We Went Out for Ethiopian Food Last Night
and had a great meal at a local place we’d been to once before. The owner also serves the meals and so as we gushed over the food we got talking. I asked where he was from and it turned he himself is from Nigeria, an Ibo, while it is his wife — the chef — who is Ethiopian. He’s an engineer by day, runs this bustling, growing restaurant in the evening — last time we were there his wife was in the kitchen minding their baby while stirring the pots, now the baby is 2 and there is a staff working the stoves. In a strange way that enterprising couple reminded me of an experience last spring, when I visited a school in a African-American and immigrant neighborhood in Brooklyn. In that school the deep divide was between Caribbean and native-born-US blacks.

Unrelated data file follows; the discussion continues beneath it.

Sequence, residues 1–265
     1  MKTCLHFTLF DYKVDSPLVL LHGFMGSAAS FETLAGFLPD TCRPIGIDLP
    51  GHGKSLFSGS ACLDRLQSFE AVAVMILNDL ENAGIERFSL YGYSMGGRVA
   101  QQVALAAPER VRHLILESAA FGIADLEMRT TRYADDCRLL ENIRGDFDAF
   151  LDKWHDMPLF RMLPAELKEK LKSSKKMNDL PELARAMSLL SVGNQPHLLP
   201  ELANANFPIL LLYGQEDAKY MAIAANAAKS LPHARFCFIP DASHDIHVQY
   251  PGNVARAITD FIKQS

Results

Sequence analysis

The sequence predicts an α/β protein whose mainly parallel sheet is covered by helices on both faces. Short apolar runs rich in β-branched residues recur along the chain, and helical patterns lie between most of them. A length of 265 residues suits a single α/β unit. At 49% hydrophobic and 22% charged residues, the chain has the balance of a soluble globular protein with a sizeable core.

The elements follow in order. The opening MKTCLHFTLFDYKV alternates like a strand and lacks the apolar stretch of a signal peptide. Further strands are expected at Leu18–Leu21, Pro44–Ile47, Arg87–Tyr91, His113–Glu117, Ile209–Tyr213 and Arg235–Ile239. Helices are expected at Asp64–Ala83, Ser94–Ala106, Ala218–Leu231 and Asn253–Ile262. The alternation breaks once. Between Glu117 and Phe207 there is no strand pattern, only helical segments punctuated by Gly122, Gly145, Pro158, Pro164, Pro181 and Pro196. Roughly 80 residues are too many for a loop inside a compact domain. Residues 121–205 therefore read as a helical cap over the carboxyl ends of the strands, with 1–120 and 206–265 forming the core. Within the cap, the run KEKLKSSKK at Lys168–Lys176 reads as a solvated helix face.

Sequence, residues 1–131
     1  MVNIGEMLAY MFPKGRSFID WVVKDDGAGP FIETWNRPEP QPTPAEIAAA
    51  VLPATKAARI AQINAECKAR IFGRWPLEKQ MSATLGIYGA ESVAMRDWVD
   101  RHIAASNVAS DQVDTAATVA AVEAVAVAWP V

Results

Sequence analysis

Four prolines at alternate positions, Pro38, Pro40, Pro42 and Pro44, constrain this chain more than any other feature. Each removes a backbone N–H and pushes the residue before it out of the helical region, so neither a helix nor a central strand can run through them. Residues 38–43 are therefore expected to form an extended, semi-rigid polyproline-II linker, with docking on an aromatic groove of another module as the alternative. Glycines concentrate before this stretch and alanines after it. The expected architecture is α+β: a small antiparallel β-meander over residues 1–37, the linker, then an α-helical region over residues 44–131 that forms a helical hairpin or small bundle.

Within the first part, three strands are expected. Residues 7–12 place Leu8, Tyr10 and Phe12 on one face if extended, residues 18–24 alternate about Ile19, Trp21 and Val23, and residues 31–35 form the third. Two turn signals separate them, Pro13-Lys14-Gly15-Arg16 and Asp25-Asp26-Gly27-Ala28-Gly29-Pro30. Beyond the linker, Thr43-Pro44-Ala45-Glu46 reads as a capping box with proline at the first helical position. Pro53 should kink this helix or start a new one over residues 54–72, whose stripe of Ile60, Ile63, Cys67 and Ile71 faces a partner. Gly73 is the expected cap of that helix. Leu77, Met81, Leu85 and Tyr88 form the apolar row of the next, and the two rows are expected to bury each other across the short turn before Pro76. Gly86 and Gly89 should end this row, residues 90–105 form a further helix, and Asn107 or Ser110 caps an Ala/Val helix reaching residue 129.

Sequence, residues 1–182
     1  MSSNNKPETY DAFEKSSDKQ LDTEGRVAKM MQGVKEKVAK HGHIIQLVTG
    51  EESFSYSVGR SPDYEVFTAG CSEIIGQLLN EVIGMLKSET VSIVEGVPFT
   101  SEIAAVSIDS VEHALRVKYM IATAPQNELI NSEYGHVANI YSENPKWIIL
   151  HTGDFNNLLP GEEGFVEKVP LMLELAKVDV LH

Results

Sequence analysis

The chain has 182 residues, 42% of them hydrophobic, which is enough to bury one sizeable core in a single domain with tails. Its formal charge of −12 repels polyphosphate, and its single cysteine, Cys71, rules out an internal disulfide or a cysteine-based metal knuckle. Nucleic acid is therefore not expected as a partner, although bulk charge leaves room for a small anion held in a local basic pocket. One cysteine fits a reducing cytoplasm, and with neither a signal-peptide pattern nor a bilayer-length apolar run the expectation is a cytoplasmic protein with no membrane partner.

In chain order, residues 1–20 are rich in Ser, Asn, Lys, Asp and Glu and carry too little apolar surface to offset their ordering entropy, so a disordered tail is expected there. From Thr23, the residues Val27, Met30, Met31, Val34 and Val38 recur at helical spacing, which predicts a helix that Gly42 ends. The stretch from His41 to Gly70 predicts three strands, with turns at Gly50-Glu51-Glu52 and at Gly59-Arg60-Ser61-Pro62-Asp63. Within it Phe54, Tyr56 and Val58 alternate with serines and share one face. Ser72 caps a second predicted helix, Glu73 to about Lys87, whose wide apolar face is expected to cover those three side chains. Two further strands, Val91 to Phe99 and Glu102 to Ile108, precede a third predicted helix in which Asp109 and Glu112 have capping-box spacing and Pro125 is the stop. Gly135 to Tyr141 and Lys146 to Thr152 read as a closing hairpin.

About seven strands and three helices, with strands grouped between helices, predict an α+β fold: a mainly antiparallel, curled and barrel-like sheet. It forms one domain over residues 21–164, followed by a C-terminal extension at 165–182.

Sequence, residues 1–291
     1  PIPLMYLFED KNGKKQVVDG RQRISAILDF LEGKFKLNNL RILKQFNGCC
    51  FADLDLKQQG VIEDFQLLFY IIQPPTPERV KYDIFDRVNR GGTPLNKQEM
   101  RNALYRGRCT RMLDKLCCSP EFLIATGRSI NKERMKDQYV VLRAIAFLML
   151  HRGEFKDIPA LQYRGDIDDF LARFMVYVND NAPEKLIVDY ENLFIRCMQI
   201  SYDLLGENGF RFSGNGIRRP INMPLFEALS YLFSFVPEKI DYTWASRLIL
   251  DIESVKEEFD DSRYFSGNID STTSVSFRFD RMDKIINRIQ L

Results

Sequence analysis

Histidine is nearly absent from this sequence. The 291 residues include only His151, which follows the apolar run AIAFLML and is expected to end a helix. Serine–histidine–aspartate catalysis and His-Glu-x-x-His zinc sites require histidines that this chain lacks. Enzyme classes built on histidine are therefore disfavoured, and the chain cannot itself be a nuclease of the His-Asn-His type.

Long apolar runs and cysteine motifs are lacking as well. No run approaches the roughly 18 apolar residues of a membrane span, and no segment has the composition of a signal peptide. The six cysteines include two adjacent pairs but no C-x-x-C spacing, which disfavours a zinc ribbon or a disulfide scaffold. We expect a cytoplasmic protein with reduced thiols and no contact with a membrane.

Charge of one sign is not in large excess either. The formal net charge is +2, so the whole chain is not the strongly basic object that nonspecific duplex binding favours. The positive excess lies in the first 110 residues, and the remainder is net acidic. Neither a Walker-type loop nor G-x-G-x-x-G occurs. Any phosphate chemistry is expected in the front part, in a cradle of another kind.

For much of our history, we defined this country as bi or tri-racial: black, white, red — even though there were Asians here from the 19th century on. Ever since 1965, when we re-opened the door to immigration from all over the world — we’ve added shades of brown — South Asian, Latin American — to the spread of colors and peoples. But my experience with the Nigerian-Ethiopian couple, like my visit to the Brooklyn school, is a reminder that those older groupings themselves are breaking apart, shifting, taking on new meaning. African immigration is not African slavery — and so all of our identity associations are shifting. Of course this came up with Obama, but it is one thing to talk about a single prominent person and another to really grasp how dated our conception of our population is, and how much it is changing right now.
I’ve said it before and I’ll say it again, America was born in 1965, not 1776 — and we are only learning how much that is true every day.